South Africans furious over Ryanair nationality test in Afrikaans, language of former apartheid rulers

South Africans furious over Ryanair nationality test in Afrikaans, language of former apartheid rulers

South Africans furious over Ryanair nationality test in Afrikaans, language of former apartheid rulers

Johannesburg — Shocked South Africans have taken to social media to express their outrage that Ryanair have some passengers take a test in Afrikaans in order to fly. Last week, the airline began asking passengers flying to the UK with South African passports to take the test to prove their nationality, in the language spoken by less than 20% of the South African population. .

Zulu is the most widely spoken language in South Africa at over 20%, followed by Xhosa and then Afrikaans at 13%.

Ryanair defended the policy, saying in a statement that the test was introduced because of the “high prevalence of fraudulent South African passports”.

But the relatively low prevalence of Afrikaans speakers in the country left many wondering on social media why the airline had chosen to test people in the language imposed by the long-expelled colonialists. white minority rulers during the days of apartheid

One Twitter user criticized the airline, writing: “Seriously @ryanair? This is bigoted nonsense. All South Africans speak Afrikaans?” would be proud of you.”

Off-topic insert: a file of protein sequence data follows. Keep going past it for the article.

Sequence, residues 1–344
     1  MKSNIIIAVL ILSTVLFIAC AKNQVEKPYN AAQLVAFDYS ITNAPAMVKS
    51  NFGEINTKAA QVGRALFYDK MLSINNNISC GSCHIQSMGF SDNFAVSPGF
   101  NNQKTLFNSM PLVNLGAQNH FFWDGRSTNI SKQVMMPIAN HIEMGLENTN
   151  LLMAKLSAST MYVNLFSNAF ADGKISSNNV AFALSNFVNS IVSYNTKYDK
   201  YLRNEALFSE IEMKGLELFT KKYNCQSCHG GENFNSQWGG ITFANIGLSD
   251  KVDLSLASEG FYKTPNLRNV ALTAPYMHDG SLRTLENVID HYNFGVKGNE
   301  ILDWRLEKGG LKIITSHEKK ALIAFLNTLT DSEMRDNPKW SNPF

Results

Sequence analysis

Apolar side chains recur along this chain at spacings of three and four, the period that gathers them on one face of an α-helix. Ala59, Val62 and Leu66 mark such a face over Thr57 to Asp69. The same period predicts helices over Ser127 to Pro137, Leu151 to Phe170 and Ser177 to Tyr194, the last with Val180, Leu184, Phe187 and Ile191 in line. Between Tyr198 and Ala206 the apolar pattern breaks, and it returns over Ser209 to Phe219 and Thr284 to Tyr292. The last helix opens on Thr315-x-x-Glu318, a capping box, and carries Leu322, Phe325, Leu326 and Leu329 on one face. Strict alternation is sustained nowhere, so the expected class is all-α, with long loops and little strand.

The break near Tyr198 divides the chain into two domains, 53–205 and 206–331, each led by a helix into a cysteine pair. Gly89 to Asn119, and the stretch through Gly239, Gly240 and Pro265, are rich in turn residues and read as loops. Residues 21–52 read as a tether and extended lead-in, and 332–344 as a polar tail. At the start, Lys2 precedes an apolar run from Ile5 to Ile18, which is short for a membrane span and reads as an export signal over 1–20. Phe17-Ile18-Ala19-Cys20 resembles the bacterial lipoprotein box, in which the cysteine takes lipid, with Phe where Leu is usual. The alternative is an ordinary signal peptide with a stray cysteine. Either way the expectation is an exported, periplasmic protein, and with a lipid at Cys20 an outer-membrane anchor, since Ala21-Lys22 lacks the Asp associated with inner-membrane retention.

“South Africa has 11 official languages,” rebuked another user on the social network. “We are no longer in Apartheid, teach yourself.”

Next week, on June 16, South Africa will mark National Youth Day, which commemorates the student uprising of 1976 when thousands of children took to the streets to protest that Afrikaans was being imposed as the sole, compulsory language of the country’s education system.

Police responded with live ammunition and tear gas, which killed more than 176 students.


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South African officials have said they were surprised by the airline’s test in African, calling it a “backward profiling system,” according to Reuters news agency. The country’s interior ministry runs a 24-hour operations center that airlines can access to verify passports.

The 15 questions on the airline’s nationality test include things like asking people to give the country’s access code and name the president, as well as naming three of the official languages.

In its statement, Ryanair said that if passengers “are unable to complete the questionnaire, they will be refused travel and will receive a full refund.”